First Unitarian Church hosts gubernatorial forum

Democratic Party gubernatorial candidate Tio Hardiman (right) states what he thinks should be done about criminal justice reform during a gubernatorial candidate forum that featured himself and candidate Bob Daiber (left) at the First Unitarian Church of Chicago, 5650 S. Woodlawn Ave., Wednesday, Feb. 28. – Marc Monaghan

By JOSEPH PHILLIPS
Staff Writer

Only two of the eight candidates running in the March 20, Primary Election were in attendance, Wednesday, Feb. 28, for the Unitarian Universalist Multiracial Unity Action Caucus’ Gubernatorial Forum at First Unitarian Church of Chicago, 5650 S. Woodlawn Ave.

During the forum, candidates Bob Daiber and Tio Hardiman answered several questions from event moderated by Dr. Finley C. Campbell of the Unitarian Universalist Multiracial Unity Action Caucus on the topic of “The Arc of Criminal Justice and Criminal Justice Reform-from Pre-Criminalization to Post Incarceration.”

Daniel Biss, J.B. Pritzker, Chris Kennedy, Robert Marshall, Bruce Rauner, and Jeanne Ives were invited to the event but did not attend or send a representative.

The two candidates laid out their four-point plans on how they would help fix the criminal justice system and other state issues. Each candidate was given 10 minutes to address the audience.

Hardiman, former director of CeaseFire, said he would implement four strategies through his “20/20 Vision” plan, if elected.

Hardiman said the first thing he will do is address the criminal justice system through violence reduction and prison reform.

“The reality is that prisons were corrupt from the beginning,” said Hardiman about the state of the current criminal justice system. “[With the] prison to pipeline system and the failed war on drugs, everything goes hand and hand.”

Hardiman said through increased funding for programs such as Cease Fire, which has established current and proven solutions of decreasing crime, and killings by over 50 percent in many neighborhoods throughout the state of Illinois, he would implement a restorative justice model to help end the school-to-prison-pipeline system, decrease recidivism by converting some prisons into institutes of Higher Learning, and decriminalize the recreational use of marijuana through age restrictions.

Hardiman said through economic development, he would also help advance the development of Minority and Women Entrepreneurship. He said his goal would be to help pair business owners and startups with economic education, mentors and access to financing, and increase Small Business Administration Historically Underutilized Business Zones (SBA HubZones).

In addition to addressing criminal justice reform and economic development, Hardiman said he would help balance the state budget deficit by levying taxes on transactions at both the Chicago Board of Trade and Chicago Board of Operations Exchange through a progressive income tax. He said he will fight against all forms of discrimination.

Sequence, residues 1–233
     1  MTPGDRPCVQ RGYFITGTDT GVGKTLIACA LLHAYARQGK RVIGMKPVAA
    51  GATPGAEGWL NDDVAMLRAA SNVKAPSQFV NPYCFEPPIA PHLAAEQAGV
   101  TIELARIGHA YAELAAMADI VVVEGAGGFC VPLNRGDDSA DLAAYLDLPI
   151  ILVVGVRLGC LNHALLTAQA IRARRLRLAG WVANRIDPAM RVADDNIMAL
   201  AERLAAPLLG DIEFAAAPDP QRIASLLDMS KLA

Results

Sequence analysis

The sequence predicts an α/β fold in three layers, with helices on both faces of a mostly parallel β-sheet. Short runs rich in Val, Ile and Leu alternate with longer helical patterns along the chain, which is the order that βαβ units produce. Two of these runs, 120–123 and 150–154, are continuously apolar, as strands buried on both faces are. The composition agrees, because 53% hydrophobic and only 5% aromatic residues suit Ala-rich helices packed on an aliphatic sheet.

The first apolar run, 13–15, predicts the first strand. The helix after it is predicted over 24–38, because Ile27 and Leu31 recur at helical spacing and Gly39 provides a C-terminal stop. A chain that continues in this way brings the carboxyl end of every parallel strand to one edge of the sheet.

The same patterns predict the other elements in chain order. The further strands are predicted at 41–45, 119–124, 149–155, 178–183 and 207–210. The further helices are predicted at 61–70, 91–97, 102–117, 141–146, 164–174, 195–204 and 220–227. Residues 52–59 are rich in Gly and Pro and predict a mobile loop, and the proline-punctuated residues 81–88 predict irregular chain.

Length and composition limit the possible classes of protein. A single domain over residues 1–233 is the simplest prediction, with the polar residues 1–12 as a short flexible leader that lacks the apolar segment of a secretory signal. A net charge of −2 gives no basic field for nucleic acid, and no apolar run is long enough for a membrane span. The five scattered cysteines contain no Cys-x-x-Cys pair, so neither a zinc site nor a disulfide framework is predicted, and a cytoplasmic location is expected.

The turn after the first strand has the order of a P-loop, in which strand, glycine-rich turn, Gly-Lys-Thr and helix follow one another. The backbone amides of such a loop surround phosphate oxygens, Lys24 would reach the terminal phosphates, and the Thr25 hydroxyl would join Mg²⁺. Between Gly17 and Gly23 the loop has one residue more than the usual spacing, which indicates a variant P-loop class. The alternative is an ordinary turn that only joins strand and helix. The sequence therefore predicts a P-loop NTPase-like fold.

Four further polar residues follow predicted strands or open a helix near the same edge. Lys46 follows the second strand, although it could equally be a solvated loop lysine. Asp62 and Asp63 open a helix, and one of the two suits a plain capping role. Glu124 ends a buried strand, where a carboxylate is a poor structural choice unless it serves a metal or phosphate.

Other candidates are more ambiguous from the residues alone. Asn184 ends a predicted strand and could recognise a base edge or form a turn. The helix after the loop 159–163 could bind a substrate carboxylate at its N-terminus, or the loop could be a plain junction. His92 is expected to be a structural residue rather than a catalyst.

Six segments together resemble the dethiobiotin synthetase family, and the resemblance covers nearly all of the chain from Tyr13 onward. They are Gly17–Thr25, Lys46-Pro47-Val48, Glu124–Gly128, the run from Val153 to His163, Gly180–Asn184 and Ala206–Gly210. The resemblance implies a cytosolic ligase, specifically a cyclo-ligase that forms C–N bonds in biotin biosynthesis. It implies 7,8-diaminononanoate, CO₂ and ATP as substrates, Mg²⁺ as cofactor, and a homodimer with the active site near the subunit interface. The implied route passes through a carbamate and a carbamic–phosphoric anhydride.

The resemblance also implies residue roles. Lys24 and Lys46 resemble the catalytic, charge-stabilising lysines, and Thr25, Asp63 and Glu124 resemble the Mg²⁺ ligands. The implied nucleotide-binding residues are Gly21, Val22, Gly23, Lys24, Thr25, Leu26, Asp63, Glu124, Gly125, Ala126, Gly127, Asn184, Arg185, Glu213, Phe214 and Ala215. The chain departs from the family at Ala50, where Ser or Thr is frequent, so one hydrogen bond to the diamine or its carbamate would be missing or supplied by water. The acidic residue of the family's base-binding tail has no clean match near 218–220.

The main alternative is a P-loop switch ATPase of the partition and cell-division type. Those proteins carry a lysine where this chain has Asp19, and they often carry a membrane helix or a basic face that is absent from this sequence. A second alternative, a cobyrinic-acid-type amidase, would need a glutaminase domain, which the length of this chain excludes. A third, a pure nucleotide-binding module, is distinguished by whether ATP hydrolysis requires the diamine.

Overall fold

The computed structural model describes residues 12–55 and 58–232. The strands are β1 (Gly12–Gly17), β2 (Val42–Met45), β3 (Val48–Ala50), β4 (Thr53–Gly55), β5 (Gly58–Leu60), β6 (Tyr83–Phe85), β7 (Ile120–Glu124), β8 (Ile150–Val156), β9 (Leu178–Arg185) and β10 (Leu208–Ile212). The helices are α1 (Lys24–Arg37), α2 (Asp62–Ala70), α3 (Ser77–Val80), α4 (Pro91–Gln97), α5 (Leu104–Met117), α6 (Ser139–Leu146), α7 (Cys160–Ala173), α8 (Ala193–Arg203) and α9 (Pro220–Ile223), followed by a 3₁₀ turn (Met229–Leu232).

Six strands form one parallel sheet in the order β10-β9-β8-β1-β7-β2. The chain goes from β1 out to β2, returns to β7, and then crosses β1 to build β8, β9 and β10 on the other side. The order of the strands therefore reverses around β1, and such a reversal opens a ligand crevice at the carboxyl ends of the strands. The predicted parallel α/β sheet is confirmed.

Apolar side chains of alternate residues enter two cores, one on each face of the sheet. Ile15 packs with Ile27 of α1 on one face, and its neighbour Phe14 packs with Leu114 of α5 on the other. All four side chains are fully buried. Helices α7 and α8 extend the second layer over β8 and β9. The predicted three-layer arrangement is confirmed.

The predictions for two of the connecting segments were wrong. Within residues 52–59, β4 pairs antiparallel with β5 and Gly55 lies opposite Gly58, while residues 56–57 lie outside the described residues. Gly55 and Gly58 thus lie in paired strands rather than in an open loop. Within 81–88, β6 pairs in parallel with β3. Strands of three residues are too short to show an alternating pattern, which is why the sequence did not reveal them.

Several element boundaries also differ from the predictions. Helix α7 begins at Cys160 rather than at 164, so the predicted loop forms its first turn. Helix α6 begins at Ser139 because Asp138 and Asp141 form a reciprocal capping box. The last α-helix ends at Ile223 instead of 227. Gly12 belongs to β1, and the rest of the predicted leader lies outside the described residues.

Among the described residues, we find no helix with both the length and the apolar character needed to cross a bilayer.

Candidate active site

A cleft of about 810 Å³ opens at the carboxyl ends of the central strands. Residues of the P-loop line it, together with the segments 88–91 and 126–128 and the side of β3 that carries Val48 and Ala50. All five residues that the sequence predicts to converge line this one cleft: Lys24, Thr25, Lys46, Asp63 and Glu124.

Daiber also shared his four-point strategy to address criminal justice reform and other state issues.

When it comes to criminal justice reform in the state of Illinois, Daiber said he would first legalize marijuana. He explained that the legalization of the drug would help eliminate an underground market and relieve law enforcement and the court and prison systems of the burden of enforcing prohibition. In addition to legalizing marijuana, Daiber also stated he’d eliminate the cash bail system.

“A violent defendant, who is a threat to the community, should not be discharged to the streets just because he can post bond for $500,000 thousand dollar bail,” Daiber said.

Daiber stated that a non-violent petty offender should not be kept in jail at the cost of taxpayers of $150 dollars a day. He stated that most of the offender’s issues stem from their inability to come up with $500 dollars in bail money.

Daiber also said he would help curtail crime on the streets by establishing school-based mentoring programs for students in grades 6-12, reinstate after-school programs and community-based programs, and provide needed support to local law enforcement and first responders.

On state issues such as jobs, Daiber said he’ll invest in Illinois infrastructure by involving Illinois contractors, employing a diverse workforce, creating a state marketing plan to attract business development and supporting small business incubators for entrepreneurs of the 21st century.

For community healthcare, Daiber said he’s in favor of promoting a progressive income tax to gain designated revenue to pay pension obligation. Daiber stated he’s a firm believer in helping to create criminal justice reforms that make the system structure fairer, more rehabilitative and less costly.

t.hill@hpherald.com